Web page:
Wilkins says the Cowboy Limo fleet now belongs to a new company called "Limo King."
Diane: "You're giving quotes by Cowboy Limo."
Mark: "It's an affiliate company. It's the vehicles. I can refer the business to anyone I want to, Shug. This is America."
Diane: "So Limo King is in your wife's name."
Mark: "Yes, ma'am. She owns Limo King."
Even though Limo King is in his wife's name, it still doesn't have federal authority to operate over state lines.
Diane: "The federal government says you can't operate."
Wilkins: "That's not what I've been told. Our audit is scheduled for next week."
Wilkins claims a DOT rep told him that Limo King was OK to operate despite the sanctions against Cowboy Limo.
Diane: "Shouldn't people be concerned because you had problems with Cowboy limo that's not going to cross over to Limo King?"
Wilkins: "No, ma'am. No ma'am. I don't have any problems with Cowboy Limo. I've been waiting for the DOT to get me upgraded over a random drug test pool."
Wilkins claims he's now acting as a referral service for other limo companies -- not just the newly-established Limo King.
Diane: "So if the customer has a problem, who deals with it?"
Wilkins: "We both do. Because I referred the business and that customer is also, whoever is picking them up."
Diane: "But the customer has no clue. They think they're hiring Limo King or Cowboy Limo."
Wilkins: "We let them know, once it gets down to booking, it will be us or one of our affiliates that pick you up."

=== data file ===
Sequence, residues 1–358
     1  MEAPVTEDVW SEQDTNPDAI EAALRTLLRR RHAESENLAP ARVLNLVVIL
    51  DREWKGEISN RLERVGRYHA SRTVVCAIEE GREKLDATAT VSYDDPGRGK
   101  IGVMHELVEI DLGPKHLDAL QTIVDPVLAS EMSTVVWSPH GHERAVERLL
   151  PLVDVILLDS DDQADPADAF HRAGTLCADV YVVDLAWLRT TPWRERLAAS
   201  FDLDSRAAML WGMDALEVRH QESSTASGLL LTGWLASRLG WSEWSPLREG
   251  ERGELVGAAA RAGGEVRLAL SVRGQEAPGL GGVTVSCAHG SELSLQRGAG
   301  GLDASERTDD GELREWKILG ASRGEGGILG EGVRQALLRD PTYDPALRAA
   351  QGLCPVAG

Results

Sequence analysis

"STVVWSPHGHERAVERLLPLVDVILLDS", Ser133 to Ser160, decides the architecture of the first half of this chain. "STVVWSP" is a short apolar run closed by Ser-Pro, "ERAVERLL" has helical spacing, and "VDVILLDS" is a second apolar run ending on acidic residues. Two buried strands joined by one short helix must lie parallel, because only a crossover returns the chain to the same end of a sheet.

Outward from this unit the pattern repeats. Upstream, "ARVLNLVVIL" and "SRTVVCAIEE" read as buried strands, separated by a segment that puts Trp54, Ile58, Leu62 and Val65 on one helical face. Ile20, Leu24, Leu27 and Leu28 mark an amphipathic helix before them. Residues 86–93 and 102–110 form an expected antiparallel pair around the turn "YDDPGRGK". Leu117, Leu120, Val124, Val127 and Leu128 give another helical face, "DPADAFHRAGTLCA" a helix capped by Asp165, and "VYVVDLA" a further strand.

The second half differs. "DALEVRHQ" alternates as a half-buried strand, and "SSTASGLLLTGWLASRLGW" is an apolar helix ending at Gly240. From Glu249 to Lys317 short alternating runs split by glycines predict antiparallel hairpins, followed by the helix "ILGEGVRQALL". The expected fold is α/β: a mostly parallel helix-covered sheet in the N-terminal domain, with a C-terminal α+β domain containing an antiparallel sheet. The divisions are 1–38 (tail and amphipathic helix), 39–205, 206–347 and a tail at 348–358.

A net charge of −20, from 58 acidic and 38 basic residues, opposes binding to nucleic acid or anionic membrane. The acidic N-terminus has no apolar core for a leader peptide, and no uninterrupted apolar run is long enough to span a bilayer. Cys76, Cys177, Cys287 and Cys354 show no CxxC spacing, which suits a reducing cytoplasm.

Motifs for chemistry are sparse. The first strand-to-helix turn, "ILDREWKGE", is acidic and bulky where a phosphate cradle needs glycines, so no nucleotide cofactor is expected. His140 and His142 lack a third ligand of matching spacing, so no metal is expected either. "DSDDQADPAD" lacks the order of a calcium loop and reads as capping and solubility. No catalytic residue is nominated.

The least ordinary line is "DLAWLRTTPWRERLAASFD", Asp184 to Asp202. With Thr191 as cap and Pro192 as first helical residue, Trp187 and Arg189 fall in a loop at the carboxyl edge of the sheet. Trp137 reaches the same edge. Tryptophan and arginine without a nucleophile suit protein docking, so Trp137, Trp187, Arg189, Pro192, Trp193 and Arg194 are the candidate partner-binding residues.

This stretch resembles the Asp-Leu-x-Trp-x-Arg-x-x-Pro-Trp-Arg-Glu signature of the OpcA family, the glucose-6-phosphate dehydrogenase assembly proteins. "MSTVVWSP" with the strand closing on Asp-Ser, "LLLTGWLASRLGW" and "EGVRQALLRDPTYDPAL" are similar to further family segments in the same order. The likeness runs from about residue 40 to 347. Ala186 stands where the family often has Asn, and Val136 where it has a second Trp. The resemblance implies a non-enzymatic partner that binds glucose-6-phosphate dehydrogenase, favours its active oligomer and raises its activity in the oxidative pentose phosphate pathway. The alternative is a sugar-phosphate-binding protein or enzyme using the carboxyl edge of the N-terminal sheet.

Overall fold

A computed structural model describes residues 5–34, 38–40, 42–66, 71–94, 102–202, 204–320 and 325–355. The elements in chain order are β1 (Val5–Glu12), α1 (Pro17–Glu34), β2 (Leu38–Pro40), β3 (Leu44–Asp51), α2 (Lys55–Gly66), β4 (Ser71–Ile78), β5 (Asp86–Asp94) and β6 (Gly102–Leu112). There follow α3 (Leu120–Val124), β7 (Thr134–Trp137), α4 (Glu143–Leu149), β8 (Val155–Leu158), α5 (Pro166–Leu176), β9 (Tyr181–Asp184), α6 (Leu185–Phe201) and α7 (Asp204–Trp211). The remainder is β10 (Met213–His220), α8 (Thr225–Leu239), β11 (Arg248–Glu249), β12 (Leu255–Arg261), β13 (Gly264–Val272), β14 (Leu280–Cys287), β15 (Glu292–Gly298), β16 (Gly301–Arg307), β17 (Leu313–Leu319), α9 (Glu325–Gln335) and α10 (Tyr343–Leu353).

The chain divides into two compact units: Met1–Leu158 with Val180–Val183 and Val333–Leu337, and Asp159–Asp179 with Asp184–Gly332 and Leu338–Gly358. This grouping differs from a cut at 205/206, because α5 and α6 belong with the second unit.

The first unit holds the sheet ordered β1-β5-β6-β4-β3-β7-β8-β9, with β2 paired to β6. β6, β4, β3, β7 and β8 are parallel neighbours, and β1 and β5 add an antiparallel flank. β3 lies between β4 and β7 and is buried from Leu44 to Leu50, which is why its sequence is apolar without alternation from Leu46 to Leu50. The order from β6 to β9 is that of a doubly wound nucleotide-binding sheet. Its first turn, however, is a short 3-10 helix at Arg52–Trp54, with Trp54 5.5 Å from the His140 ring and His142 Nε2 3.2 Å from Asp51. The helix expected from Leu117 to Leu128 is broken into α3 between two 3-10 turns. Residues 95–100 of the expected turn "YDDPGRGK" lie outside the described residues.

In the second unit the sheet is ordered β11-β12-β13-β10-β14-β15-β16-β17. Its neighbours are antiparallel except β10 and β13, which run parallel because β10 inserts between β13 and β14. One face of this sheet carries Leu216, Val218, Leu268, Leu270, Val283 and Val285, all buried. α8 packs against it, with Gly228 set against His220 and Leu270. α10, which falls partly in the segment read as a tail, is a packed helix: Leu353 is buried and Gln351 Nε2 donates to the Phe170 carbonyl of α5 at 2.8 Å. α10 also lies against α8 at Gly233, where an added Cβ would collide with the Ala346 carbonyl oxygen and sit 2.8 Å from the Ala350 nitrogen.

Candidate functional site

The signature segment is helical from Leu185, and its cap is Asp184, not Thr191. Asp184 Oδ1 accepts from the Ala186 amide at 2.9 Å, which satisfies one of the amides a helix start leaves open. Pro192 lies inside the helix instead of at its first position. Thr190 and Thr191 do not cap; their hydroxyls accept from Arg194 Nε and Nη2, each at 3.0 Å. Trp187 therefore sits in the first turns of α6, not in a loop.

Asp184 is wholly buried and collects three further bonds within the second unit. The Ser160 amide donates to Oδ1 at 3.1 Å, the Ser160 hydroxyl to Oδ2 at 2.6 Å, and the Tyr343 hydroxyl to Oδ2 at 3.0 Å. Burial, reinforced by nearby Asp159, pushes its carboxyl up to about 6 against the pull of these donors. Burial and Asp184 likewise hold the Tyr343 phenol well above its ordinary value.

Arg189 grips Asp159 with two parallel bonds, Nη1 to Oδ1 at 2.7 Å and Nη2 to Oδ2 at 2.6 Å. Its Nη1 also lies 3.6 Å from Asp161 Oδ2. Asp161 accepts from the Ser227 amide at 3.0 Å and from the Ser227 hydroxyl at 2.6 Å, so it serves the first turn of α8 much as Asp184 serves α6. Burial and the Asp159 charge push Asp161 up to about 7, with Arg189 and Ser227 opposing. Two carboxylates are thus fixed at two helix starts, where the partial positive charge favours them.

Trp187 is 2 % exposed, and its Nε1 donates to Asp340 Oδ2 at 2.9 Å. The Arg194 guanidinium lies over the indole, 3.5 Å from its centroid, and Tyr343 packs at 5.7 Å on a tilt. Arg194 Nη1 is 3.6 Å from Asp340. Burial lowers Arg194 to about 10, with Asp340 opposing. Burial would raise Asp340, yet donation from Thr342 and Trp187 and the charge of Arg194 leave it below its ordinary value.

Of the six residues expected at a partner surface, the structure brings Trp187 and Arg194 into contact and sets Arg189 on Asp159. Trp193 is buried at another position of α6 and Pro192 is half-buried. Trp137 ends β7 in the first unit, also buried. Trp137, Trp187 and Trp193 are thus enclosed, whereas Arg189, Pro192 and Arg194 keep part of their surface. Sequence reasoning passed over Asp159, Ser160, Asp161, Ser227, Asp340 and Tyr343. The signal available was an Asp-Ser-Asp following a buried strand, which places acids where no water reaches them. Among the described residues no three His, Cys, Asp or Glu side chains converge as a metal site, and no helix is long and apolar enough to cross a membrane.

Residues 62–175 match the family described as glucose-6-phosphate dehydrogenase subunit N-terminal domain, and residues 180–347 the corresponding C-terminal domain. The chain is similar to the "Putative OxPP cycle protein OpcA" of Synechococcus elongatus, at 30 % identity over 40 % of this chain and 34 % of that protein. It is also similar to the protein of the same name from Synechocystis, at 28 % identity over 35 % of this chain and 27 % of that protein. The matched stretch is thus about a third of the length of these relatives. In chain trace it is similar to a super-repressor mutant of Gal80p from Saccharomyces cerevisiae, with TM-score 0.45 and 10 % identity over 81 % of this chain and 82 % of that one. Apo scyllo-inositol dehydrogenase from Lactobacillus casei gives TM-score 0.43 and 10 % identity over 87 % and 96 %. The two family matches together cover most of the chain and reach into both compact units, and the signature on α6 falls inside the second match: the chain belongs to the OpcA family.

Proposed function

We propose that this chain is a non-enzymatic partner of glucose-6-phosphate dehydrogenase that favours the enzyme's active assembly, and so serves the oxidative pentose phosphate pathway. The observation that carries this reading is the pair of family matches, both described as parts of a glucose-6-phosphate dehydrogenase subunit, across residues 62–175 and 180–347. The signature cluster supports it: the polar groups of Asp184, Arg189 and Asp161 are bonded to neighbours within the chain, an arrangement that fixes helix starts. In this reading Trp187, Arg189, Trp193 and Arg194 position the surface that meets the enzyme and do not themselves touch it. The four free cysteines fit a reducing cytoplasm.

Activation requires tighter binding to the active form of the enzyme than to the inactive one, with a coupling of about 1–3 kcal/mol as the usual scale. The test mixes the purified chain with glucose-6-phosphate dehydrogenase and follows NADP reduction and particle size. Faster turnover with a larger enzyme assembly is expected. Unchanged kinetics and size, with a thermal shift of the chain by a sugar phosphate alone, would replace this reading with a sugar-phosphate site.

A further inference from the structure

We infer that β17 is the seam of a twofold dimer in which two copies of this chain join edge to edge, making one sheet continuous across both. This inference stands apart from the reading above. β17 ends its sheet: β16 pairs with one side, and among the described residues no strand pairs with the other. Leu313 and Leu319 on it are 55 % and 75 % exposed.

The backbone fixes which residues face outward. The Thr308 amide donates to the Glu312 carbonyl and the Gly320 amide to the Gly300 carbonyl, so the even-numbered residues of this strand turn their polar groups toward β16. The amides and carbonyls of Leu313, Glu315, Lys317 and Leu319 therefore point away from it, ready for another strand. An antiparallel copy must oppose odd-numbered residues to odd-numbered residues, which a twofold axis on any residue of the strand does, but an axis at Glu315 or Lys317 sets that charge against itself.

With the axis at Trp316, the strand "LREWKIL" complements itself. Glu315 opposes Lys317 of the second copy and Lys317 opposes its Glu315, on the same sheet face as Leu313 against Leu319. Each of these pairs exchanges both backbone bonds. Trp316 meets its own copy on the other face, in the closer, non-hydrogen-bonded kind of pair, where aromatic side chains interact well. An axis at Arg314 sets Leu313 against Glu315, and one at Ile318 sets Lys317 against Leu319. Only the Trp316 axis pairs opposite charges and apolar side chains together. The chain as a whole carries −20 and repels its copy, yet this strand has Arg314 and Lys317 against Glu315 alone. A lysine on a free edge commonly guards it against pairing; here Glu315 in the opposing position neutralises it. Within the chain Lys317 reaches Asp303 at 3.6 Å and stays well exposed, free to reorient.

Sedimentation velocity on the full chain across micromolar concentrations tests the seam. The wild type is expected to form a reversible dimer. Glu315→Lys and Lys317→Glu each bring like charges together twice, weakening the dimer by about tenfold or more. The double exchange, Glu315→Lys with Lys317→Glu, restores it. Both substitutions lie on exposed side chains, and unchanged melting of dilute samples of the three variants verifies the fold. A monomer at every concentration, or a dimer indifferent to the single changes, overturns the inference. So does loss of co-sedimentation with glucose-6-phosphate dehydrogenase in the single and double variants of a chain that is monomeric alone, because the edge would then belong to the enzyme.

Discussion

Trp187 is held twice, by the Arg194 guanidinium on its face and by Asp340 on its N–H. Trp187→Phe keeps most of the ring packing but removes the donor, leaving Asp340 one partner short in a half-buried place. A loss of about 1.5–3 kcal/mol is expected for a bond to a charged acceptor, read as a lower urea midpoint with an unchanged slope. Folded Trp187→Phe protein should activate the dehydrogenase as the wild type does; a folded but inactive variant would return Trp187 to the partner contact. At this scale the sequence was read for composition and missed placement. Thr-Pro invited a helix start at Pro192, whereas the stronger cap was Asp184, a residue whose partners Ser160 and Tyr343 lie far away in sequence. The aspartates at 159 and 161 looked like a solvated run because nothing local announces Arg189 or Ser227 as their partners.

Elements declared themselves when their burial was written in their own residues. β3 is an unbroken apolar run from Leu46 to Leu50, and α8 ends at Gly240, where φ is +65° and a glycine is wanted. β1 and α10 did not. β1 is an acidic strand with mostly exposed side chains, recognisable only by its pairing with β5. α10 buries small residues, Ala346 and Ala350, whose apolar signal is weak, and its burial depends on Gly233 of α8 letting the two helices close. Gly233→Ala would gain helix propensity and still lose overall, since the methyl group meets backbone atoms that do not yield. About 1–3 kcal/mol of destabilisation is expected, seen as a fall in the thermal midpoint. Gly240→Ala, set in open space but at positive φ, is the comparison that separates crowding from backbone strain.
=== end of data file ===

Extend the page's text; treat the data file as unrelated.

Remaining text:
However, when an I-Team producer put that claim to the test and emailed Cowboy Limo for a quote for a party bus to pick us up in Myrtle Beach and bring us to North Carolina, we didn't hear back from Limo King or any third-party
company. Cowboy Limo gave us the quote even though that company is ordered not to do business.
Still, Wilkins thinks it's all legit.
Diane: "So, you don't feel you're circumventing the law at all?"
Wilkins: "No, ma'am. No, ma'am."
Diane: "By just opening up a different company in your wife's name? Why not put it in your name?"
Wilkins: "I can put it in my name, but it's the best business decision."
Diane: "Are you admitting to any fault?"
Wilkins: "Here is the thing. We make mistakes. Out here in this world, we make mistakes. I'm not a criminal. I work very hard to have what I have. I've corrected my mistakes. Now, let's move on."
Wilkins blames the DOT for his problems. He says he gave them proof of Cowboy Limo's insurance and drug testing more than a month ago. However, they still haven't cleared the company to operate.
Until they do, Wilkins says Cowboy Limo will continue to act as a referral service, and take a cut from each referral they make. He says they're also making payments on that $86,000 in fines.
The funeral home did get $100 back for the funeral limo that showed up late.
Wilkins, however, won't refund Owens' $385 for the SUV showing up instead of a limo. He says he'll give her a credit for another service. She says, "No thanks."